Lori, tell us a little about yourself.
Like most authors, I first became interested in writing as a child. I published my first piece of flash fiction in a local newspaper fifteen years ago – and then I stopped writing. I simply lost the creative impulse. I don’t know where it went or why, but it was gone. I went to work in accounting, with which I was quite happy for a time. Then about two years ago, I inexplicably got the urge to write again. I finished my first book – My Life with Michael: A Story of Sex and Beer for the Middle-Aged – in four months. Once I realized that no publisher was going to even look at my novel until I had some other credits to my name, I started writing short work – flash fiction, essays, memoirs – any idea I had, I wrote something about it. Within a year I had twenty-five publishing credits and finally felt confident enough to start sending my book around to publishers again. In the meantime, I completed my second novel, Just the Three of Us, an erotic romantic comedy that I dearly love – even after all the rewrites, it still cracks me up. I’m currently 120,000 words into a mega-monster of a novel entitled On an Island: How One Woman Spent Twenty Years Shipwrecked On an Island with Sixteen Sailors and Lived to Tell the Tale. I’m very enthusiastic about this book, but it’s going to be so huge that I’m guessing it’ll be at least a year before I finish it. Also, since I enjoyed Just the Three of Us so much, I’ve begun work on a sequel. Phew! Writing is exhausting.
Why do you write erotica?
Sex is one of many subjects that I find intriguing. The sexual scenario is rife with possibilities for storytelling, and may be approached from countless different angles (no pun intended), from the deathly serious to the outrageously comic. Personally, I tend to be most interested in stories about sex that aren’t mainly for the purposes of titillation. To me, sex is an integral part of human life, and it’s therefore only natural for it to be the central focus of many of our stories.
What are peoples’ reactions when they find out you write erotica?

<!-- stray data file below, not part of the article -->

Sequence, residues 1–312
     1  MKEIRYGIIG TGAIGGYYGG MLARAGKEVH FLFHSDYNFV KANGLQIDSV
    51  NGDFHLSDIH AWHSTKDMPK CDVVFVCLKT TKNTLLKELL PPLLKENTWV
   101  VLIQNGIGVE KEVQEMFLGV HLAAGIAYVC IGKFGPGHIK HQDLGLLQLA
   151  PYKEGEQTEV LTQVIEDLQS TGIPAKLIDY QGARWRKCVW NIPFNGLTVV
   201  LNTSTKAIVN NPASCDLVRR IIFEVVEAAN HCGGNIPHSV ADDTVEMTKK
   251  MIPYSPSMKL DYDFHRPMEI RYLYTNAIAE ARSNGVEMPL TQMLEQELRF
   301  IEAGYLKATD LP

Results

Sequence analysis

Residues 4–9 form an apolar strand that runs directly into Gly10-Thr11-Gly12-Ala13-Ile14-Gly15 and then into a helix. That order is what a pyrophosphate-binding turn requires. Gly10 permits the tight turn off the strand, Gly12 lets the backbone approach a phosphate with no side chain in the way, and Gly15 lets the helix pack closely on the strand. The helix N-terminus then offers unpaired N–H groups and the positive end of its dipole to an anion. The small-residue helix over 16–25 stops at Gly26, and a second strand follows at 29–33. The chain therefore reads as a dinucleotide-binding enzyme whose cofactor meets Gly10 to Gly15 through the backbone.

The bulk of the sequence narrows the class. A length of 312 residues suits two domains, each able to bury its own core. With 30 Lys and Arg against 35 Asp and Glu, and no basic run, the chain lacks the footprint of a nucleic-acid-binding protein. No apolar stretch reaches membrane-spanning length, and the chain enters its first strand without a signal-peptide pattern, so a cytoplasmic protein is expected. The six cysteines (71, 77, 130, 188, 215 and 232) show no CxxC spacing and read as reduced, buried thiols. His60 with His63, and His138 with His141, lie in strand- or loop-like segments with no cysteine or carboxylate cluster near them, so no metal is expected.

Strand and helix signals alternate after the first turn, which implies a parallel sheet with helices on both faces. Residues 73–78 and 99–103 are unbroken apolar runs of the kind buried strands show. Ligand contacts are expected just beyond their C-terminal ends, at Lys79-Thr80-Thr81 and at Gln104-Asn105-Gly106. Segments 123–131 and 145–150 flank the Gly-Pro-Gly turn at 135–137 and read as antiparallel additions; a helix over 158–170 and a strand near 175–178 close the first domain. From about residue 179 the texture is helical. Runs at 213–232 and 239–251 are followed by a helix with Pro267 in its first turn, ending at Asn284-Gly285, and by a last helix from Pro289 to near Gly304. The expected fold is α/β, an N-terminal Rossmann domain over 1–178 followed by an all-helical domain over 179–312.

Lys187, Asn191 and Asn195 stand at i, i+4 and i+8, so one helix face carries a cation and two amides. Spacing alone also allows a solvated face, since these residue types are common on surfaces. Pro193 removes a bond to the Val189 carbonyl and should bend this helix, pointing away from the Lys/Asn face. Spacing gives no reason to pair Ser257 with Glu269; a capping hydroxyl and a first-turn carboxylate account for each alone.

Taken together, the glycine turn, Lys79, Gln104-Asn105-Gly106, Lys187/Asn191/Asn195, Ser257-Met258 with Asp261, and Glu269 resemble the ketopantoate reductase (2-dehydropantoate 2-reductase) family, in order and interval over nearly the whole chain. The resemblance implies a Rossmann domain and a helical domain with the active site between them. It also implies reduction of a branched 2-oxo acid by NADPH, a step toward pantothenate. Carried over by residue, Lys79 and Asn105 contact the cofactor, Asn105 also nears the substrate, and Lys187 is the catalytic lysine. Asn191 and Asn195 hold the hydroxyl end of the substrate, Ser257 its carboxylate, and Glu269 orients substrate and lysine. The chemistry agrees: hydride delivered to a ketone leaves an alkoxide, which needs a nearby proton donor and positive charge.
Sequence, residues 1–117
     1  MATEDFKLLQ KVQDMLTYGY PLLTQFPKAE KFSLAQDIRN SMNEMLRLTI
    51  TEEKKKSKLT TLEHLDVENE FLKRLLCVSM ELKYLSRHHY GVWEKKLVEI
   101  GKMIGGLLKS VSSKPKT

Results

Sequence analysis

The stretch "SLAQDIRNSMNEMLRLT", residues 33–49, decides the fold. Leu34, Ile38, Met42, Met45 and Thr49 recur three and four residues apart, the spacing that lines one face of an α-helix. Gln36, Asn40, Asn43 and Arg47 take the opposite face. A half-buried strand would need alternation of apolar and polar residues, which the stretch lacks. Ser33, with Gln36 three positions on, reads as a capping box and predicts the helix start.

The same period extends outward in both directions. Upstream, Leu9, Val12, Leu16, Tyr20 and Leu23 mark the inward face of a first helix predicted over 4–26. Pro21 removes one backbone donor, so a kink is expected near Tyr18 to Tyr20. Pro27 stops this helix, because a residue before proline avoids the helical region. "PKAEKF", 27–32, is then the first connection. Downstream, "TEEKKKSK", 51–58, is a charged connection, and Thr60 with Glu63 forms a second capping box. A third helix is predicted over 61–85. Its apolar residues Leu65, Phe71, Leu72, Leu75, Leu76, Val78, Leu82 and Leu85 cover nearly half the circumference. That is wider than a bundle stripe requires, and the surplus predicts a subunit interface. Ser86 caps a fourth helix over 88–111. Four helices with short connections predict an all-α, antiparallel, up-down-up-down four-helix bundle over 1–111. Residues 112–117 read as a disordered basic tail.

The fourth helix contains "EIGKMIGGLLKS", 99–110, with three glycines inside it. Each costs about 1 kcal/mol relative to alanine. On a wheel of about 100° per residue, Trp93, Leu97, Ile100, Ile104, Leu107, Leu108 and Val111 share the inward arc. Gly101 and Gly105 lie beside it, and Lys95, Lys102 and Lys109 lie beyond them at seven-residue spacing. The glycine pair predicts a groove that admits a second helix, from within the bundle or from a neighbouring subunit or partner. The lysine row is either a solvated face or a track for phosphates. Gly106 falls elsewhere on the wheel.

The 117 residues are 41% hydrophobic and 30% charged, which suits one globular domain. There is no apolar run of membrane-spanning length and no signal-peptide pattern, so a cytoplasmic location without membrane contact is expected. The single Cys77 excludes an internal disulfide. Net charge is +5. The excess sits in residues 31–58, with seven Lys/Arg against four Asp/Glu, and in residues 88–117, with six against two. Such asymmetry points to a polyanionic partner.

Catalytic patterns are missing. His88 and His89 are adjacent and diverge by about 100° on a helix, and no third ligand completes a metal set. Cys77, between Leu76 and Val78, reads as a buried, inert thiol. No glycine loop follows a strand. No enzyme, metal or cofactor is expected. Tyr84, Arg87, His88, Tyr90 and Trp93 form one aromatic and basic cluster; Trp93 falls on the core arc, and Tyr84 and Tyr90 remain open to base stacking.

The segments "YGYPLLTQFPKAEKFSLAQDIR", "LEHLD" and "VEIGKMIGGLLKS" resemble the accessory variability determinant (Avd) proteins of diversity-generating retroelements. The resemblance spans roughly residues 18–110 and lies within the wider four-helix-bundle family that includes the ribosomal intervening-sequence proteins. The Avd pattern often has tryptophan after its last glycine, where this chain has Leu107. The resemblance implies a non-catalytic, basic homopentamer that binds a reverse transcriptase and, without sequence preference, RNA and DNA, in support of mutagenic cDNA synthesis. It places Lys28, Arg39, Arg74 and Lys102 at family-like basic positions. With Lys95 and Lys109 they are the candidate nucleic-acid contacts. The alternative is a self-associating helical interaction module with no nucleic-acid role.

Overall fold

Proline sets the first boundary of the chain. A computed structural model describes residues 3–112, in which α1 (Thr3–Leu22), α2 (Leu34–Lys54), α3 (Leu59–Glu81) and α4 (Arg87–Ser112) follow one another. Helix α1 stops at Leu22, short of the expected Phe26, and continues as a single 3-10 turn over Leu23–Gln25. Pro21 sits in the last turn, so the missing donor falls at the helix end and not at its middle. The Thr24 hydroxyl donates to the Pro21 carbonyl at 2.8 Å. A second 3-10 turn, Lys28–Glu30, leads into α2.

If they know me at all, they’re not very surprised.
The media has reported that around 30% of American women consume porn on a regular basis. What do you think about that?
It doesn’t surprise me a bit. Women have probably been consumers of pornographic materials for as long as men have; but in previous eras, the types of pornography that were available to them were severely limited. Modern pornography is just the more sexually explicit version of the old-time “romances,” and it certainly doesn’t hurt that nowadays you can access all of the porn you want without having to go down to the adult book or video store and browse with all of the men. The internet has definitely decreased the embarrassment factor of consuming porn for both women and men, particularly, I think, for those who have kinky or fetishistic preferences. In addition, with more women now being involved in the production of pornography, it stands to reason that modern-day erotica is geared more towards women’s tastes.
Do you watch porn and if you do what is your favorite kind of porn to watch?
Of course. Except I call it “research.” 😉 I’m a woman of many moods – I don’t have a particular favorite kind of porn.
What advice do you have for women who want to write erotica?
Don’t forget that the writing comes first, the sex second. If all you’re writing about is he did this and she did that and it was hot, then your novel or story is not going to be as compelling as it could be. It’s great to have a hot concept. But wording matters. Story structure matters. Writing sexy isn’t enough. Be a writer first – the erotica will follow.